Virginia seaside.

VA - Millions for marine restoration on Eastern Shore seaside

The National Oceanic and Atmospheric Administration awarded nearly $2.26 million dollars to continue marine restoration efforts and provide critical habitat for fish, bay scallops, and crabs on the Eastern Shore’s seaside, according to an announcement made Friday.

The money will enable the Virginia Coastal Zone Management Program and its grantee, the Virginia Institute of Marine Science, to plant 60 acres of eelgrass and release more than six million bay scallops.

    The program is a network of state agencies and coastal localities, led by the Virginia DEQ, that administers the state’s coastal laws and policies. These restoration efforts have been a joint effort since 2001.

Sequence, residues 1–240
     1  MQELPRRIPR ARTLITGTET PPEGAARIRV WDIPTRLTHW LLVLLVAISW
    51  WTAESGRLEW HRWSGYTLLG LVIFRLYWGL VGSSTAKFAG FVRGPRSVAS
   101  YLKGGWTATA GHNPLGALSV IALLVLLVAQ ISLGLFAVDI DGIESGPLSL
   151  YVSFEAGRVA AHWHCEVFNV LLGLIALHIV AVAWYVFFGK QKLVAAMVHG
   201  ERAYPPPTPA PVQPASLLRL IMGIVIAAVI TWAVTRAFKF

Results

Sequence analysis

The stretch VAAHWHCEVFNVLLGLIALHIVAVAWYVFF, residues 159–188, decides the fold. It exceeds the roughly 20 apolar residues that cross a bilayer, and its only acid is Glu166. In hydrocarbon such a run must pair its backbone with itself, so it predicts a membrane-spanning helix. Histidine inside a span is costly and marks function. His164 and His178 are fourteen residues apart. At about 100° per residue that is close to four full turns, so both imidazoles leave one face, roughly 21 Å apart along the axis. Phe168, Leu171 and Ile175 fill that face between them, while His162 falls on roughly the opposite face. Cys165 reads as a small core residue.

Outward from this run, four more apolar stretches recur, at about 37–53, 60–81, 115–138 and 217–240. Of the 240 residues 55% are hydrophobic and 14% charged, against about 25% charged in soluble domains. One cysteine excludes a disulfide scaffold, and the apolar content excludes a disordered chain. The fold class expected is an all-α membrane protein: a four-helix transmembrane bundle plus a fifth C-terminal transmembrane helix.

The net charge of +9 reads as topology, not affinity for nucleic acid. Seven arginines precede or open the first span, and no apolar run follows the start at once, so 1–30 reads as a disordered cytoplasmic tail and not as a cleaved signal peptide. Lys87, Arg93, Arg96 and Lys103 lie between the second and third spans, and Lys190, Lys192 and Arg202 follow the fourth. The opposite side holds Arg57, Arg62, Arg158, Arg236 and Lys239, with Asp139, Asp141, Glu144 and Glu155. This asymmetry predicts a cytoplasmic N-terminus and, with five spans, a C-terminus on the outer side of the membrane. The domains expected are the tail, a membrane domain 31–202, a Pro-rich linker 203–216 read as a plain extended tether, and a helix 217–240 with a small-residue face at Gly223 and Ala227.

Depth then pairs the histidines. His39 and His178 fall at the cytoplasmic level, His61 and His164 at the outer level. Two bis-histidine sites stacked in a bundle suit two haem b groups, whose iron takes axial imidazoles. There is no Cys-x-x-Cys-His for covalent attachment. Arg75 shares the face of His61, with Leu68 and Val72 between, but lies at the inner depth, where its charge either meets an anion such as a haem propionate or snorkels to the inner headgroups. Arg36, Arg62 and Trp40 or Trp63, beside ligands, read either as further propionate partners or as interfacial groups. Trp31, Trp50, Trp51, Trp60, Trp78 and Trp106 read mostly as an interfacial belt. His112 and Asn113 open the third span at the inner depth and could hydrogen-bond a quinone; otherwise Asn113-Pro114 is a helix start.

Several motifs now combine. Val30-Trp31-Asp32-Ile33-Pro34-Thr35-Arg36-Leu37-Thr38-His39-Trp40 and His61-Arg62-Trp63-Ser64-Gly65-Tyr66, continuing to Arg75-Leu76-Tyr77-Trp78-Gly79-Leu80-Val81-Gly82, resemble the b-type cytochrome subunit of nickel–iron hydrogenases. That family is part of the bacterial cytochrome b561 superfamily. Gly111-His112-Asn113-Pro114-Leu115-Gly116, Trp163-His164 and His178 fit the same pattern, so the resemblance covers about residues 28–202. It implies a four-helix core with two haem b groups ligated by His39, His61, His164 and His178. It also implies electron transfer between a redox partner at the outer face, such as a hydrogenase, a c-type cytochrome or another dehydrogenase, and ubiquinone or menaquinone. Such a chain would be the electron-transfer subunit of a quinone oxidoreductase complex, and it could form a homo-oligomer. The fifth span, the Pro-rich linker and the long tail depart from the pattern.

Eelgrass and bay scallops were bountiful on the Eastern Shore’s seaside until disease and a hurricane eliminated them from the area in the early 1930s. Neither returned until 2002, when restoration began under Virginia CZM’s Seaside Heritage Program, and VIMS began restoring seagrass in southern seaside bays.

    DEQ Director Michael Rolband said, “Seagrass and bay scallop restoration not only provide habitat, but also improve water quality, and seagrass helps reduce shoreline erosion.”

       Program manager Laura McKay said, “We are excited to make such a large contribution to this globally significant restoration effort. We look forward to sharing progress and the ways this project will benefit the environment, recreational and commercial fishing, and tourism.”

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